El Picacho del Diablo
By: Ron Jones
During Easter of last year, Art de Goede, Frank Riseley, and I left for an attempt on Big Picacho by the route of first ascent. Donald McLain is credited with making the first ascent in a solo climb during March 1911. John Robinson has written an interesting account of this early climb in his book Camping and Climbing in Baja. It is believed that no one else has scaled the peak via this route.
Early Saturday morning we passed our packs over Diablo Falls and continued up the canyon keeping on the look out for McLain's Wash. We found its intersection at 4600 feet in a spectacular stretch of the main canyon. The entrance is not large, but it opens into a significant side canyon as its slight trickle is followed. After passing a waterfall and some steep pitches we came to a sixty foot waterfall that looked like it might give us some difficulty. We spent the night on a sandy bench below the fall.
The next morning the fall was ascended via a loose third-class route up the right hand side where we encountered an old piton. From here to the 7000 foot level there was much bush-whacking and boulder scrambling. From this point, where we had encountered snow, we climbed to the obvious saddle between the peak and point 9650'. The summit was not visible, but there was a spectacular view of the West Face Wash. Continuing up the north ridge we soon came upon the steep-walled notch that is visible from the summit. This spectacular gash could be traversed only by very high class rock climbing.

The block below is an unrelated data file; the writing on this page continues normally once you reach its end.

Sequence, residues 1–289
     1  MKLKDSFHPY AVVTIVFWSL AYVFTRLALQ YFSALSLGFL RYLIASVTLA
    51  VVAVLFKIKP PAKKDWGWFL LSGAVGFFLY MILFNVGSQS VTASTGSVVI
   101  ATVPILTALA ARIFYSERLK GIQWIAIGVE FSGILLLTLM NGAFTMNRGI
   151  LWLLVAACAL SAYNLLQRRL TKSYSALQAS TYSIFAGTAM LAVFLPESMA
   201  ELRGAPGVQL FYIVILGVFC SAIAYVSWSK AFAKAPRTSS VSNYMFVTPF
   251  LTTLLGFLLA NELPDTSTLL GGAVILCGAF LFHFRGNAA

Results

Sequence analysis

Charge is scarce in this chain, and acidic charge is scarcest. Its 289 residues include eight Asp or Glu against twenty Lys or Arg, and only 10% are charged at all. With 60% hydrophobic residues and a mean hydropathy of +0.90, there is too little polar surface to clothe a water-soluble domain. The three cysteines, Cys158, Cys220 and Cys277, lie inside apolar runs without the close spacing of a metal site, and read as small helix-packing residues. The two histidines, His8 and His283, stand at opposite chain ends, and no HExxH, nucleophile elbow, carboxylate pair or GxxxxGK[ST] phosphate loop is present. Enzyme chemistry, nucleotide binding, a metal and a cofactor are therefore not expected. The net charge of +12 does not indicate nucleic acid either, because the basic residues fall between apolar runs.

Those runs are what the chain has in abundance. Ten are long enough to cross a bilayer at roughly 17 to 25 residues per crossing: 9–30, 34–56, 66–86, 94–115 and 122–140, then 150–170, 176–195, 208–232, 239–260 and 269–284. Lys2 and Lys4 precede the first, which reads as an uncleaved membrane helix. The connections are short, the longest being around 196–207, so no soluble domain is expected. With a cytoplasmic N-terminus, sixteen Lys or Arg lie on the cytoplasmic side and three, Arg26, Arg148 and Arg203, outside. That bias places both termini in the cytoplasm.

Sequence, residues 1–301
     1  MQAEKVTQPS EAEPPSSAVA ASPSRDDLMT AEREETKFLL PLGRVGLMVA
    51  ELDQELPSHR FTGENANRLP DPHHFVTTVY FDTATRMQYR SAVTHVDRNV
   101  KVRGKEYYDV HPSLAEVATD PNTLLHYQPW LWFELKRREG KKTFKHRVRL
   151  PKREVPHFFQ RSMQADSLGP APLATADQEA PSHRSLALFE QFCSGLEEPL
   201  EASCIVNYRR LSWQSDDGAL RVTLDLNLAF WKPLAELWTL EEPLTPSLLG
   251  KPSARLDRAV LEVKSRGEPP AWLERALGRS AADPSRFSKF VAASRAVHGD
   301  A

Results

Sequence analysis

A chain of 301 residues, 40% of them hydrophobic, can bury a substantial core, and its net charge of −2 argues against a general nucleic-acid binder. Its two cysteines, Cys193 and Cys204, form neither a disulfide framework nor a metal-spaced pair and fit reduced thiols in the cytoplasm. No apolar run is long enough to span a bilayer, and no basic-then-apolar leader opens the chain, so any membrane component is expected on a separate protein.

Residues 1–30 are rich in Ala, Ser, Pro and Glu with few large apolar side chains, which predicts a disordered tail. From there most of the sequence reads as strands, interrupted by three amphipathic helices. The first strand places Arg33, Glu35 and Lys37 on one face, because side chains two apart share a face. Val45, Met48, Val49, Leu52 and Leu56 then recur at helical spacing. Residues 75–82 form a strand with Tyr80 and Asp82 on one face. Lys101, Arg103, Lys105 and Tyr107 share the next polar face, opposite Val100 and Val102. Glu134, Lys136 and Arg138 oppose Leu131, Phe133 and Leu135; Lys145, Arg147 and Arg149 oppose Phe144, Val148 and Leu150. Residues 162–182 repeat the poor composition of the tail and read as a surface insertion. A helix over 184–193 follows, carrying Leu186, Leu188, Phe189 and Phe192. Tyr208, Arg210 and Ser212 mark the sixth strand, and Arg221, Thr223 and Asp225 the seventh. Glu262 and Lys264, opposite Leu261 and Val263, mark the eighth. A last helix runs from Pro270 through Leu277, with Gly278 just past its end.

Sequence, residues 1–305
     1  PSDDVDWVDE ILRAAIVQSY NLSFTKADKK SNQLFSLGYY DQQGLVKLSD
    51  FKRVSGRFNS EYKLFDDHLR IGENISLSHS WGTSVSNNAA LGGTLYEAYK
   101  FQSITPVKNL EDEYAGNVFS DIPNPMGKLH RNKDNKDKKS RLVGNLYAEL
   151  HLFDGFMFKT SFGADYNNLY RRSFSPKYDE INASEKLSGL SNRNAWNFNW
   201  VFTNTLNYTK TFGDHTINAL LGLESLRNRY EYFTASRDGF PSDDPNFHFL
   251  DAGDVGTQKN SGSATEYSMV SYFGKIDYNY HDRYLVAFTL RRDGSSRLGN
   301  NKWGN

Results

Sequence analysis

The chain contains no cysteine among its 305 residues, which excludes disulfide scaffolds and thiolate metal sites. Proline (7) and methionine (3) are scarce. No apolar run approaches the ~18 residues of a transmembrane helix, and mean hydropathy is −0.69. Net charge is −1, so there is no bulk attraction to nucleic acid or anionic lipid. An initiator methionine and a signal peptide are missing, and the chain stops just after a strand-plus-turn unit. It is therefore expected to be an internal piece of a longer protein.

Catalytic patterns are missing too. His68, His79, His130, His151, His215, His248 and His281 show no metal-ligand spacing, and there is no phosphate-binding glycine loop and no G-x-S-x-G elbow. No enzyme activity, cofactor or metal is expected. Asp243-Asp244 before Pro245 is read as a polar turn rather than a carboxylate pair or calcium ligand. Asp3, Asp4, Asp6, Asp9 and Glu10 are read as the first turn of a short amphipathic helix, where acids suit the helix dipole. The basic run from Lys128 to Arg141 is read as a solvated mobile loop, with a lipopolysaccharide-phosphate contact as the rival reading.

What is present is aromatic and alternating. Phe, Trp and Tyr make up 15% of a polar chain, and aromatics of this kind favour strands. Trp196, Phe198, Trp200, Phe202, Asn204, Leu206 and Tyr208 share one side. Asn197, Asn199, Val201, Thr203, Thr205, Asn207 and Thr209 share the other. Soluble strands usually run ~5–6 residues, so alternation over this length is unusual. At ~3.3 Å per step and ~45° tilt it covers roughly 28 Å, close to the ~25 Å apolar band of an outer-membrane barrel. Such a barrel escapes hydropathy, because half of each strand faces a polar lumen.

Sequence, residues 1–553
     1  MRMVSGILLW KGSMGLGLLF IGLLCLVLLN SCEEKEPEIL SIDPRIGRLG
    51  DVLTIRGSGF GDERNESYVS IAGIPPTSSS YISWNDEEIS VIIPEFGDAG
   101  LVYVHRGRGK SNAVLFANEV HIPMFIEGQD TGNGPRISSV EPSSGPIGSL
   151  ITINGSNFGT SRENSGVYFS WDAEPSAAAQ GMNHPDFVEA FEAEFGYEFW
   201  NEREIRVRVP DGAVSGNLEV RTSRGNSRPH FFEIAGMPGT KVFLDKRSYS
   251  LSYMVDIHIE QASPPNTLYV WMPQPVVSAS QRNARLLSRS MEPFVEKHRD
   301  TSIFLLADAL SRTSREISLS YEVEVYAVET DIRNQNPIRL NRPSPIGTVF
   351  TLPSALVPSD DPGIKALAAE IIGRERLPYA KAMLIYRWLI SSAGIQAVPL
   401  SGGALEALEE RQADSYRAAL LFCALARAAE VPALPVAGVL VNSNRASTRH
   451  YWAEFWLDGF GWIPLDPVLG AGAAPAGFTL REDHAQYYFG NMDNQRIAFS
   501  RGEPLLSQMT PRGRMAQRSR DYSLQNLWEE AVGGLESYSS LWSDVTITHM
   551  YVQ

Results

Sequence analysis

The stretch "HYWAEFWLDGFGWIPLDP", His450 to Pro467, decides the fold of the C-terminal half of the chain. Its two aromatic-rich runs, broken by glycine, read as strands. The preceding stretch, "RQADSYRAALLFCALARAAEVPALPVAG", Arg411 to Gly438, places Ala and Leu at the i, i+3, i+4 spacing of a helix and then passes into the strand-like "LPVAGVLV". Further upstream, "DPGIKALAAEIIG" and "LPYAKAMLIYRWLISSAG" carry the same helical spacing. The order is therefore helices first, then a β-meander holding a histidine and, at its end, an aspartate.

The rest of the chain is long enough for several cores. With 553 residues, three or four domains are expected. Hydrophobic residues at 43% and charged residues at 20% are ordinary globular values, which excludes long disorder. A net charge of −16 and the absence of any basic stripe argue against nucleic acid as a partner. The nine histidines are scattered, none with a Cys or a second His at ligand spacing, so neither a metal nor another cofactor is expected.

We tried to contour the east face below the notch in two different places but were stopped both times by steep rock and loose snow. It appears that one would have to traverse directly from the saddle in order to avoid the steepest rocks. Having run out of time we descended to camp and started down the wash the next day. We climbed out of the wash to look for a mine mentioned by McLain but could find no trace of it and had to hack through thick brush to return to the main canyon.
I think we all agreed that the trip was a wonderful experience and I for one will be back to try it again. My only regret in returning to Canyon del Diablo after an absence of seven years was the great amount of trash one finds littering the area. I saw tin foil, cans, bottles, etc in many places buried in the sand or thrown into the brush. I hope that future parties will be conscious of this mess and work to maintain this beautiful canyon in an uncluttered state.
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